Tennessee Right-To-Work Amendment Deserves A Bit Of Review Before You Head To The Polls (Op-Ed)

Image Credit: TN Secretary of State

By Gary Humble [Tennessee Stands] –

You should know that in the upcoming general election on November 8th, you will have the opportunity to vote on four (4) proposed amendments to the Tennessee Constitution. I will address the other three at another time. Here, I am writing about Right to Work, which will appear as Constitutional Amendment #1 on the ballot.

Let me first be very clear. I fully support the fact that Tennessee is a right to work state and has been since 1947. I do believe that our statutes declaring a right to work have been part of Tennessee’s success story economically and I believe that those statutes appropriately limit the power of unions and protect the rights of individuals against discrimination as to whether or not they are part of a labor union. I am also aware that Democrats and the current administration in the White House would like to further solidify the influence of unions around the country and work to abolish right to work protections in 27 states.

Despite my support of right to work protections and an understanding of the threat unions pose to pushing the leftist agenda, I am cautious when it comes to amending our state constitution for this purpose.

Consideration #1: Putting this amendment in our state constitution will NOT protect our right to work laws from the actions of Congress.

Right to work is essentially protection from discrimination. These protections are not found in our constitution, but appropriately found in statute. Consider that civil rights protections from the 1964 Civil Rights Act are not enshrined in our state constitution. Also consider that protections for the disabled found in the 1991 Americans with Disabilities Act are not enshrined in our constitution. They are found in our state statute and supported by acts of Congress.

One of the reasons being given by the “Yes on 1” committee to support this amendment is that we must secure this right in our state constitution to preempt any pending federal action from a Democrat-controlled White House that wants to remove right to work protections in states.

Please hear this. Any laws passed by Congress are the supreme law of the land according to our U.S. Constitution. If any section of our state constitution is found to be in conflict with an act of Congress, then that section would be held unconstitutional.

This Constitution, and the Laws of the United States which shall be made in Pursuance thereof; and all Treaties made, or which shall be made, under the Authority of the United States, shall be the supreme Law of the Land; and the Judges in every State shall be bound thereby, any Thing in the Constitution or Laws of any State to the Contrary notwithstanding.~ U.S. Constitution Article VI, Clause 2

It can certainly be argued that Congress should not even address labor unions because it has not been given the power to do so. Thereby, per the 10th Amendment, that power would be reserved to the states, or to the People.

That argument aside, unions came to power across America because of the National Labor Relations Act (NLRA) of 1935. It was the Taft-Hartley Act that passed our 80th Congress in 1947 that amended the NLRA and paved the way for states to enact right to work laws. It is worth noting that this act passed Congress with the support of Democrats and even in Tennessee, our right to work law was enacted in 1947 by a Democrat-controlled General Assembly.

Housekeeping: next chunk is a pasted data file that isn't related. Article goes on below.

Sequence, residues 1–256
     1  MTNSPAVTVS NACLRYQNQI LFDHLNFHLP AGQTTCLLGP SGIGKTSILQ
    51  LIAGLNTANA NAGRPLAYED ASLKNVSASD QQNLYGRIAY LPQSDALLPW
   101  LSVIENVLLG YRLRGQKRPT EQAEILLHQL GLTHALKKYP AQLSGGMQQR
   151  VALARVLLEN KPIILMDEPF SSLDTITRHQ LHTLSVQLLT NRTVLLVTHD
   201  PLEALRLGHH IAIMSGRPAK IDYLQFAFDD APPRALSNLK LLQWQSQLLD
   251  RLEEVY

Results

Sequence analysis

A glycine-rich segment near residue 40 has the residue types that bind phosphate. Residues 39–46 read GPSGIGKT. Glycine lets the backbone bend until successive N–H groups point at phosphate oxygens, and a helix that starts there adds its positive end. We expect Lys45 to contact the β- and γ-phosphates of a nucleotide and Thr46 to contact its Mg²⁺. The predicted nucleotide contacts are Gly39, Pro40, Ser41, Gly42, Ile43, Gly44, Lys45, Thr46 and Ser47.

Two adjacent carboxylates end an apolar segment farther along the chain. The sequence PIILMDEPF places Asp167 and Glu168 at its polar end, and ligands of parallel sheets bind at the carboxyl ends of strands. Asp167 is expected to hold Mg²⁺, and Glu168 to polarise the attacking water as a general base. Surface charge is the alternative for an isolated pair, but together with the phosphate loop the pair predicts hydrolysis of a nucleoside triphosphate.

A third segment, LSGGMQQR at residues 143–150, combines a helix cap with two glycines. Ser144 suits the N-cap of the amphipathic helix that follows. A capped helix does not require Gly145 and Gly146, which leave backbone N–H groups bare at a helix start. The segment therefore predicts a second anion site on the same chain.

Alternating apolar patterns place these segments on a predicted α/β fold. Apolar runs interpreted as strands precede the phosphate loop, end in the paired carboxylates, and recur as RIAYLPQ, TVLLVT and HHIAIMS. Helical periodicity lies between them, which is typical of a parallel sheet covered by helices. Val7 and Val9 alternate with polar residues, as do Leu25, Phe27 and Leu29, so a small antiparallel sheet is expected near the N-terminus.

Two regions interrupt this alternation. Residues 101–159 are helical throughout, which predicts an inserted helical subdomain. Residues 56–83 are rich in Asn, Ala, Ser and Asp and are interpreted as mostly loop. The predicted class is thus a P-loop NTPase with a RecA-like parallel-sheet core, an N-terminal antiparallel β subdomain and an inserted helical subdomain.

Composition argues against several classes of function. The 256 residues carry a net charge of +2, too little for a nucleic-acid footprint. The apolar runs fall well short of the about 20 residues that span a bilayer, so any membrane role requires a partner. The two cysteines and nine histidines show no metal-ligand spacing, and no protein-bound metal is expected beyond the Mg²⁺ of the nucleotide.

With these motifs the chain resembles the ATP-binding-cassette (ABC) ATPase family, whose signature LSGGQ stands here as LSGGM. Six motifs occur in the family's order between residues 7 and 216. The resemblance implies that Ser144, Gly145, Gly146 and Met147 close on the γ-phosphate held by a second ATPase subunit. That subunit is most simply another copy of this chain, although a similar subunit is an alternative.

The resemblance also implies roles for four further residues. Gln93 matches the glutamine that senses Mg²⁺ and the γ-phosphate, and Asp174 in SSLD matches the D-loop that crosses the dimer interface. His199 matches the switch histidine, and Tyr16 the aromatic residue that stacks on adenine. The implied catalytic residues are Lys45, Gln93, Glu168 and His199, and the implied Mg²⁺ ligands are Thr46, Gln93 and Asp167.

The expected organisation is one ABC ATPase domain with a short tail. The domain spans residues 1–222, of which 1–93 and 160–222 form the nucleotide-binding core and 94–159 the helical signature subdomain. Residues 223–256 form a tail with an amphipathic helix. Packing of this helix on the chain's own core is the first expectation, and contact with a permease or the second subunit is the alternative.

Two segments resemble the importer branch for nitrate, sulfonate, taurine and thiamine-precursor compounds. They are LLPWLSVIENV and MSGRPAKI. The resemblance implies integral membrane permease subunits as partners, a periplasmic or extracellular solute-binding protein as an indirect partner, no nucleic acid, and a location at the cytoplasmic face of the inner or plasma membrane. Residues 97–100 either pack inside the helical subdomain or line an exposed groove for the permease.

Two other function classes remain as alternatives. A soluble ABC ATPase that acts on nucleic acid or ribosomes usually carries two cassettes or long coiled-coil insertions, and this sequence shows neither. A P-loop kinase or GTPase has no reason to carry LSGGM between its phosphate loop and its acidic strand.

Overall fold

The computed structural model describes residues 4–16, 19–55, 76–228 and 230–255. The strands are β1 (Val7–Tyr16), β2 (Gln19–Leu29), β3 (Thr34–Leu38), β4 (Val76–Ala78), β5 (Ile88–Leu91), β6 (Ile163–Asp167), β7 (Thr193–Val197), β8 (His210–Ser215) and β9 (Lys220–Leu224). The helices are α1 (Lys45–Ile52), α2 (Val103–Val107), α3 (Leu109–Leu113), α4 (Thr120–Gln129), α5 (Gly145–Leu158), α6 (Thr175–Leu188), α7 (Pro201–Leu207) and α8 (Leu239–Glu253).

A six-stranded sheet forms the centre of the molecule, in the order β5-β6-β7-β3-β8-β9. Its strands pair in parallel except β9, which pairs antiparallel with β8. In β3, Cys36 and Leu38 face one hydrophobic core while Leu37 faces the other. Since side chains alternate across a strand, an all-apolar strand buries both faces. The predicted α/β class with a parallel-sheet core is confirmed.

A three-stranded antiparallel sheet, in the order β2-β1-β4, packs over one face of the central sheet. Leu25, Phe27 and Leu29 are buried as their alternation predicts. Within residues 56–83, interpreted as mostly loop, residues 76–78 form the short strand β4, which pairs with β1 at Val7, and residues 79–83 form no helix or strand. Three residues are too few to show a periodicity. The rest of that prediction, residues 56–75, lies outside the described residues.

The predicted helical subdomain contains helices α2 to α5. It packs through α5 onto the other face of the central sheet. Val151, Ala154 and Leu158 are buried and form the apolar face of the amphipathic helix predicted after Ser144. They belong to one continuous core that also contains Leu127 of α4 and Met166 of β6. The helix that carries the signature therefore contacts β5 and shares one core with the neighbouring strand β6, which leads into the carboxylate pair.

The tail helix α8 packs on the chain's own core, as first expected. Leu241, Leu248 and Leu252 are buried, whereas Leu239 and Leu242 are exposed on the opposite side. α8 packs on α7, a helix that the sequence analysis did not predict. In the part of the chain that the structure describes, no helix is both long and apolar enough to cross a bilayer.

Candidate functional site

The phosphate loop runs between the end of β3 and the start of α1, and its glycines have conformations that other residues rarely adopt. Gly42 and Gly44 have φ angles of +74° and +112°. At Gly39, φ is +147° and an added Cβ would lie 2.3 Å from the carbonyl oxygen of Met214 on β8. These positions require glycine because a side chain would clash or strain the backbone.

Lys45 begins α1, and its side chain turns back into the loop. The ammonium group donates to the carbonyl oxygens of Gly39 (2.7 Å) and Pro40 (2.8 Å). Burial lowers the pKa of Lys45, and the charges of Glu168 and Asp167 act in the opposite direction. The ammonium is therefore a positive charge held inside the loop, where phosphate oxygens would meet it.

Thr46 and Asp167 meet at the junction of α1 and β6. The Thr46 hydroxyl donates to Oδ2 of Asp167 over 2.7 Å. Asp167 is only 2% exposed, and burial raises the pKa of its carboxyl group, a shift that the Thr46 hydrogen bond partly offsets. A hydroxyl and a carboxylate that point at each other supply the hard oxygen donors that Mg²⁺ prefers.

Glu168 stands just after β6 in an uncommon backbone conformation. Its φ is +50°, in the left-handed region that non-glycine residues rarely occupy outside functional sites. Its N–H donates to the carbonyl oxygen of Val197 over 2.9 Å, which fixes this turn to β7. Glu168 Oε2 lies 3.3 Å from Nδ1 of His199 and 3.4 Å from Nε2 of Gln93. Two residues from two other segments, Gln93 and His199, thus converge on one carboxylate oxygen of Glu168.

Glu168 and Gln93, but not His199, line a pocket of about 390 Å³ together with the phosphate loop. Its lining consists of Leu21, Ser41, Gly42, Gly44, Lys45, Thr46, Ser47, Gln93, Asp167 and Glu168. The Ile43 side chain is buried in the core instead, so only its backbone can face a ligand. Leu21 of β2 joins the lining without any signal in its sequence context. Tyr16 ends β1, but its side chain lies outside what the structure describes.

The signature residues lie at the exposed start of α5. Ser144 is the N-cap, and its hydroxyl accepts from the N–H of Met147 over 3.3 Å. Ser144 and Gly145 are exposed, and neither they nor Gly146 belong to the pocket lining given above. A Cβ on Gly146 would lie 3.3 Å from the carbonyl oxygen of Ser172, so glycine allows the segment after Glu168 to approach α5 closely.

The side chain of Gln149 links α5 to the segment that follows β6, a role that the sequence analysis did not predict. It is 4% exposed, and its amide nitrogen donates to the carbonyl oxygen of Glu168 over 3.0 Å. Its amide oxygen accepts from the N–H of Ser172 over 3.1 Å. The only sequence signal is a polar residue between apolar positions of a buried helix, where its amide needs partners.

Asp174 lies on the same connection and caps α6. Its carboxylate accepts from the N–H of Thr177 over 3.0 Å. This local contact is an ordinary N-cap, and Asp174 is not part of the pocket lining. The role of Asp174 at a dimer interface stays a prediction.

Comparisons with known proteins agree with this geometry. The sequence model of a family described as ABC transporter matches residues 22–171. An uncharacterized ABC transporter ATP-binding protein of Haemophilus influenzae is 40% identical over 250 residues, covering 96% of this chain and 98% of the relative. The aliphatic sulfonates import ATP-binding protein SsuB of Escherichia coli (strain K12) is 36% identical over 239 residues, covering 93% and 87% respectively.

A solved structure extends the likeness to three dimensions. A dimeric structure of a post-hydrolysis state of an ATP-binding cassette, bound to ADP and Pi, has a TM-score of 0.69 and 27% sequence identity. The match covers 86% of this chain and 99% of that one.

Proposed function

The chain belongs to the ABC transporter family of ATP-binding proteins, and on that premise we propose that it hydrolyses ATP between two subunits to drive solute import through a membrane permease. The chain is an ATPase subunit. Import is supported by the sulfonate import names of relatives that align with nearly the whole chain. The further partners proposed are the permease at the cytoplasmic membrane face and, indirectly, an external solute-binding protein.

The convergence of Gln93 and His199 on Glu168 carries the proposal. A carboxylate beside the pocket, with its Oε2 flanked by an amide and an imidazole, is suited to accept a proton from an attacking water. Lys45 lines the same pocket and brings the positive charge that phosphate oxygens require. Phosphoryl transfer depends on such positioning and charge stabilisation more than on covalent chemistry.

The fear now is that Congress will pass the Protecting the Right to Organize (PRO) Act of 2021 that would effectively remove the ability for states to enact right to work laws. So, the Yes on 1 committee is running ads telling voters, “Don’t let the DC Swamp steal your right to work.” Unfortunately, those marketing slogans simply do not represent the truth.

If Congress does indeed pass the PRO Act (which would be unfortunate and hopefully will be stopped if Republicans are successful in the midterm elections), it would render right to work unconstitutional in Tennessee regardless of amending our constitution. Again, per Article VI, acts of Congress are the supreme law of the land. This action would rightfully trigger Attorneys General from right to work states to take the federal government to court.

This is not a reason to amend our state constitution.

Consideration #2: It is plausible that there will be unintended, or unforeseen consequences to a change in our constitution.

Here is the amendment to Article XI of the Constitution of the State of Tennessee as proposed:

It is unlawful for any person, corporation, association, or this state or its political subdivisions to deny or attempt to deny employment to any person by reason of the person’s membership in, affiliation with, resignation from, or refusal to join or affiliate with any labor union or employee organization.

Of the 27 states which currently have enacted right to work law, eight (8) of those states have right to work in their constitutions (Arkansas, Arizona, Florida, Nebraska, South Dakota, Kansas, Mississippi, and Oklahoma). The proposed amendment here in Tennessee is vague, leaves room for interpretation and I fear could be taken advantage of in a court.

For example, this proposed amendment would protect an employee from discrimination based on being part of a labor union or “employee organization.” One question might be, what exactly is an “employee organization?”